Numerous systems have been developed to protect data on hard disks. One of these is mirroring where the data is stored simultaneous on two disks. The one disk becomes the mirror image of the other. If one fails, the data is still one the other. In this case, the first disk is replaced, the system creates a mirror image of the first disk automatically and the system continues.

There are a number of measures of performance of a hard disk. One is the speed at which the platters turn. Typically this is somewhere between 4800 and 7200 rpm. There are faster, more expensive disks. Another is the access time. This is the time it takes the disk to access an item of data. A good figure here would be around 10 ms. An ms or millisecond is one thousandth of a second. Disks are also sometimes compared in terms of their data transfer rates. This is a measure of how many bytes can be read or written per second.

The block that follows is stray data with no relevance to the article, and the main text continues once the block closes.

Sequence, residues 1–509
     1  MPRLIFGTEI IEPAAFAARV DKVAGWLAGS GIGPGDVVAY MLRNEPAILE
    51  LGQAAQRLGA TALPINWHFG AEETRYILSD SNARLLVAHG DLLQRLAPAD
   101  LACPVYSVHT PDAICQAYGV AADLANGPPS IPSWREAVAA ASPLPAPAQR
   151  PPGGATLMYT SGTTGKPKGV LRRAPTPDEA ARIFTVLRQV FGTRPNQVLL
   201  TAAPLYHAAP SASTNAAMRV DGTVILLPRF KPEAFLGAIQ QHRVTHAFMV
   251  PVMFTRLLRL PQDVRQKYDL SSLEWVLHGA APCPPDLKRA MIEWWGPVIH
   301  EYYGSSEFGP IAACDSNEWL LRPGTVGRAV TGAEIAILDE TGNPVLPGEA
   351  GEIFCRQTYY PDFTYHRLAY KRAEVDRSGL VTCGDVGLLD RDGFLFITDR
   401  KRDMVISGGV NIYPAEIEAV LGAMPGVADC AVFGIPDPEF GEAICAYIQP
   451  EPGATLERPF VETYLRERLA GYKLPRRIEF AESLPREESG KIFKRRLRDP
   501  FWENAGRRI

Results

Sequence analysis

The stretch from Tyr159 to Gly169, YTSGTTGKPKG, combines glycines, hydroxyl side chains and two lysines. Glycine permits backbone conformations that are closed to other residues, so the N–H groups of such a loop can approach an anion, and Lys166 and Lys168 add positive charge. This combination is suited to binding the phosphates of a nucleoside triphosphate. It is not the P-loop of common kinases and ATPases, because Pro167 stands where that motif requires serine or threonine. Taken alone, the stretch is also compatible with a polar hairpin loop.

Flash memory and memory sticks

A new type of external memory is the flash disk or memory stick. This is a solid state device (no moving parts) that connects to the computer via the USB port. It provides a very fast and reliable method of storing data externally.

They are at the moment fairly expensive, especially the larger capacity devices. They tend to be limited to a maximum of about 8 Gb. This figure can be expected to increase quite dramatically over time.

Relative cost of storage

As in the case of computers, the cost of memory is continually changing. The price varies from country to country as well as according to international demand. In order to compare the cost of memory, a common measure is to calculate the cost per Mb. The following table compares the cost per Mb of the different media.